One of the biggest lies perpetuated about streets is that walking and hawking are mutually exclusive. It is an excuse city managers spin to cover their footpath failures. To have vending in a smooth walkway is not an impossible task, and it is a need to be met.
More than 10 million poor, self–employed hawkers in this country depend on streets for their livelihood. They provide services, enrich street life and are supported by a large number of users. With a bit of good design and a lot of will, streets can include vending. Chennai may not have found a way to do it, but cities such as Bhuvaneshwar, a model city for street vending, have shown how hawkers and walkers can coexist.
What does it take a city to plan for hawkers?
Part of the answer lies in the National Policy on Urban Street Vendors. The key recommendation is the creation of ward-level committees to identify vending zones. This committee, with adequate representation of vendors, would prepare a co-ordination plan, demarcate spaces, and manage them. It would also help hawkers register, secure better protection, and help implement the agreed plan.
Chennai strangely has not implemented these recommendations. Instead, it continues with ad hoc approaches. There is neither a ward-level committee nor hawker participation to ensure implementation of plans. Even the basic system of registration is not in place. As a result, the Corporation does not have an idea about the total number of vendors to accommodate nor can it effectively negotiate its plans. This has led to vested interests taking over streets leaving the needy at the mercy of the pavement police.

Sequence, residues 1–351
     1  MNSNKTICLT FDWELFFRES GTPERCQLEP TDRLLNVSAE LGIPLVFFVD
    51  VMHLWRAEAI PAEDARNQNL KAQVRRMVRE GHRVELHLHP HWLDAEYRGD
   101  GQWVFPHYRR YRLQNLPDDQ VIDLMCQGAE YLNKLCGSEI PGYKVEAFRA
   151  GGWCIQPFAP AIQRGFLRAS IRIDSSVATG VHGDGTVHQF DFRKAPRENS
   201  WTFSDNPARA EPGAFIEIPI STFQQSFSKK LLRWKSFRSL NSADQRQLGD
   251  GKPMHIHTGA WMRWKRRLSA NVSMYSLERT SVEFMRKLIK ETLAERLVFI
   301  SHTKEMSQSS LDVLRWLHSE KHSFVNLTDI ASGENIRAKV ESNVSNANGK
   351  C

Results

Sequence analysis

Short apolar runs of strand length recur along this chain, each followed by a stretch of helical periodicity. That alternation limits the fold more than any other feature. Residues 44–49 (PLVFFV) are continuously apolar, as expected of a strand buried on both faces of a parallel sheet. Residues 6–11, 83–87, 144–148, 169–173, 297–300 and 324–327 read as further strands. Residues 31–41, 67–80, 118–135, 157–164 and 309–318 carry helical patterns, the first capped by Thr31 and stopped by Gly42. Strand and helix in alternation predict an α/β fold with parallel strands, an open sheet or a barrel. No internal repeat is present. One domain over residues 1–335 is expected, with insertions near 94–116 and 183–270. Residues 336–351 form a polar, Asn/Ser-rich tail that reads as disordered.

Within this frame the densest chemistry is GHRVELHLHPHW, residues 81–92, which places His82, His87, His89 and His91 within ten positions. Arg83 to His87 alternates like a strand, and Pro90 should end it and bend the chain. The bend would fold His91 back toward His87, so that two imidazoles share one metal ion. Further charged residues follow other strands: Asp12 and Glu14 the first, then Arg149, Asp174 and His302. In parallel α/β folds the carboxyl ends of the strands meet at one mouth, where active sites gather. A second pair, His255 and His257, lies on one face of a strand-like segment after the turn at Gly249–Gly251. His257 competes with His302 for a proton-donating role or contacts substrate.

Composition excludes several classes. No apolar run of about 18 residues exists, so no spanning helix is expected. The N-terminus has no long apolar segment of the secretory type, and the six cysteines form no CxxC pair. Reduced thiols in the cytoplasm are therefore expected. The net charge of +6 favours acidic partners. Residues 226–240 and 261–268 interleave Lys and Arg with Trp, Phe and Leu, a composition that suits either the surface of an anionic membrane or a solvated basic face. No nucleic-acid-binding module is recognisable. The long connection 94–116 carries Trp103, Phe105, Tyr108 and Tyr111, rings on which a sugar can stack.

Second, the Corporation has to design footpaths keeping potential vending in mind. In Chennai, there have been no efforts to widen footpaths even in pedestrian-intense areas, such as roads leading to the railway station, bus stops and commercial areas, which are natural gravitating points for vendors. Without creating sufficient space, it is impossible to regulate vending.
Bhubaneswar is a good example to study. It has about 54 vending zones accommodating more than 2,300 vendors. The Corporation, with active participation of the street vendor association, has licensed vendors, and rehabilitated them in the same site where they were earning their livelihood (see accompanying story).
On the contrary, Chennai either evicts them or builds a multi-storeyed building like the one in Pondy Bazaar in T.Nagar for hawkers to move. Both do not work. Vendors may take the shops in a shopping complex for its real estate value, but would return to street because that is where the footfalls are.
At the heart of the problem is the unfair importance given to motorists. Though they constitute a small percentage, vehicles occupy maximum road space. Unlike vendors, car owners can park on streets and the Corporation would not mind them. On the other hand, the majority users of road — bus commuters, walkers, and vendors — get a raw deal. It is time to change and recover the streets. Enrique Penalosa, the former mayor of Bogota and a champion of a better city living remarked that ‘When you construct a good sidewalk [footpaths], you are constructing democracy.’
We invite readers to participate in this campaign. You can email pictures of bad pavements (size not more than 1.5 MB) to firstname.lastname@example.org
In the email, please give your name, contact information, location of the pavement, description of the issue and action required.
Your pictures will be posted on www.facebook.com/chennaicentral and will also be considered for publication in the newspaper.
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